Photo by Marekuliasz from iStock
After a season of celebrations and months of hype leading up to the festive period, mixed in with dark days and wet weather, January can often bring a lull or sense of sadness to many - also known as the "January blues".
Understand it's normal
Many people experience the January blues as a combination of exhaustion from Christmas along with the dark mornings and winter weather. January is often seen as a long month as routines return to normal. This type of exhaustion often leads to the low mood that many people experience throughout the month, along with "Blue Monday", which this year has been nominated as 20th January. Allowing yourself to rest and recover can benefit you greatly and help you start to feel back to normal.
Get some sunshine
The gloomy winter weather and lack of sunlight can produce symptoms of a low mood, even for people who don't normally have seasonal affective disorder. It's often difficult to get a sunny day, however, any little amount of sunshine can often give you that needed vitamin D boost. Fewer daylight hours can wreak havoc on the body. In the darkness, the body produces more melatonin which causes sluggishness and decreased energy. A SAD light can also offer a medically-approved alternative to medication as they mimic sunlight and help keep symptoms at bay.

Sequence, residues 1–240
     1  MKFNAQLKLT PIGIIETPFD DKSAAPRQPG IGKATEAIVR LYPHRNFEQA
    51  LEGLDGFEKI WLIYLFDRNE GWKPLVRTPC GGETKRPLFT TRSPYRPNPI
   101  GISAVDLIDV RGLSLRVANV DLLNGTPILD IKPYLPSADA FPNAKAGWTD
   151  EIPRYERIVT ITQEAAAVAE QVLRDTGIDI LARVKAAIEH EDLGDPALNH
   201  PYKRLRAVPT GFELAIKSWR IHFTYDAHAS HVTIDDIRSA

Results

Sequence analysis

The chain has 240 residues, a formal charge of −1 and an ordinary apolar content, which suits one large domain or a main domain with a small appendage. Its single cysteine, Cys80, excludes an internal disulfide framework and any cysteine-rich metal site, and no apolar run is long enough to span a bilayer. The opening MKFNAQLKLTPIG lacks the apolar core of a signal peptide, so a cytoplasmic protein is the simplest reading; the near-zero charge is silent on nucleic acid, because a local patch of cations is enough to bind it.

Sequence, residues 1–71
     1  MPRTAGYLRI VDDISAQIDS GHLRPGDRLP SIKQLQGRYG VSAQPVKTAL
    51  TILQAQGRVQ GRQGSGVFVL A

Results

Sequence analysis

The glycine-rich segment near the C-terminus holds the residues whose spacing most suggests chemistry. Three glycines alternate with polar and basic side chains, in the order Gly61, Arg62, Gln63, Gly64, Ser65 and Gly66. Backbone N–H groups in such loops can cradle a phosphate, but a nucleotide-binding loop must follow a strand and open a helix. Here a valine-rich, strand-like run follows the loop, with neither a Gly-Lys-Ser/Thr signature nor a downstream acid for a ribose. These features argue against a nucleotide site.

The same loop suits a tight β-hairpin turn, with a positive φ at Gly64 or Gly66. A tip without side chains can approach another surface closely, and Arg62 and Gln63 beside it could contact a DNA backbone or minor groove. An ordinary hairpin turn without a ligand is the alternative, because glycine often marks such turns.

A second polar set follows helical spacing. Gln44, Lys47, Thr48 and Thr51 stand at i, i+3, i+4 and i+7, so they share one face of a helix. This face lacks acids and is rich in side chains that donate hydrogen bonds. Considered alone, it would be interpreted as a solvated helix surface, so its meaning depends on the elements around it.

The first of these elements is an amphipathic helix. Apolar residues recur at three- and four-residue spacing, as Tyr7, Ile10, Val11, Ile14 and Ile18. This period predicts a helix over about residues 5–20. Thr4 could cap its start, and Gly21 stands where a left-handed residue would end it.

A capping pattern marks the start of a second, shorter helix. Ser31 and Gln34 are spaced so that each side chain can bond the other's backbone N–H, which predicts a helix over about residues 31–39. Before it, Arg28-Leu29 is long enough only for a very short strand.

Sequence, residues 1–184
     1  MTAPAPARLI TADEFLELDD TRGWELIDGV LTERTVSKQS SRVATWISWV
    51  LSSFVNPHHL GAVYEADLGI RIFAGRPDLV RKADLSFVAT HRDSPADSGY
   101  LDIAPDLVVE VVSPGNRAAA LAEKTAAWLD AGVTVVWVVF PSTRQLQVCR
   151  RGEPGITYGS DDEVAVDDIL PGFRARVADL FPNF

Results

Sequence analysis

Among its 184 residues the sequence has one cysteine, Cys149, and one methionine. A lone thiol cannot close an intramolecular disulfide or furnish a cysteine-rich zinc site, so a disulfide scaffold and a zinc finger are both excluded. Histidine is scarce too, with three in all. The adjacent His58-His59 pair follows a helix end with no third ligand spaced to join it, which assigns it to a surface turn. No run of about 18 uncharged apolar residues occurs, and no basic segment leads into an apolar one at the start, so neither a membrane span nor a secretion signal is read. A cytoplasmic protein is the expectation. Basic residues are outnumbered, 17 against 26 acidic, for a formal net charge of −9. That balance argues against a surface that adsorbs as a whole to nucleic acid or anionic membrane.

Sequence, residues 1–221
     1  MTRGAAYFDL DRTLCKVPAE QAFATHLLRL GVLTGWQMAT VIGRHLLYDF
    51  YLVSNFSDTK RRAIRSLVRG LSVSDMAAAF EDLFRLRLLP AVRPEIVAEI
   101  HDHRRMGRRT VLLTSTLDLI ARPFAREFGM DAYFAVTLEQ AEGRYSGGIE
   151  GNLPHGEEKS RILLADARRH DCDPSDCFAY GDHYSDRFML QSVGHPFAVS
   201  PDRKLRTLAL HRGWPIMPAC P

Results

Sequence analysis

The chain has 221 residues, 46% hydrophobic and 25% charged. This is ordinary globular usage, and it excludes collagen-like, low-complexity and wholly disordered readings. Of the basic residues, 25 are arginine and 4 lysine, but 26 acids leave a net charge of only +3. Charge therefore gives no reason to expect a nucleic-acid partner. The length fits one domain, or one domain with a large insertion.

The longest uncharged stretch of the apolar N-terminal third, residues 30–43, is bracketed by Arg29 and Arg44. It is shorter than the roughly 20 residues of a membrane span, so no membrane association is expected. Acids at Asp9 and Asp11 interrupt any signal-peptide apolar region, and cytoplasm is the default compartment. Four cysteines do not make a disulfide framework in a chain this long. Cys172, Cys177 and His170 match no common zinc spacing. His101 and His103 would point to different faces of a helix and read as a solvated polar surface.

Take a healthier turn
For many of us, food over the festive period, although indulgent at the time, too much of it can often lead us to feel sluggish and low once January comes around. Ensure your normal diet considers lots of healthy foods including vegetables and fruit to help you give your immune system a boost. Daily vitamins can also make sure that you keep any common winter lurgies at bay.
Blow off the cobwebs
Whether you're a resolutioner or not, getting some daily gentle exercise can help beat those January blues. Even a little bit of exercise, whether its a stroll in the park or hitting the gym, is a renowned mood booster for your mind and body.
See a doctor
"January blues" is not the same as depression. If your low mood continues for more than a couple of weeks or becomes more severe, it's always best to get some professional advice from a GP.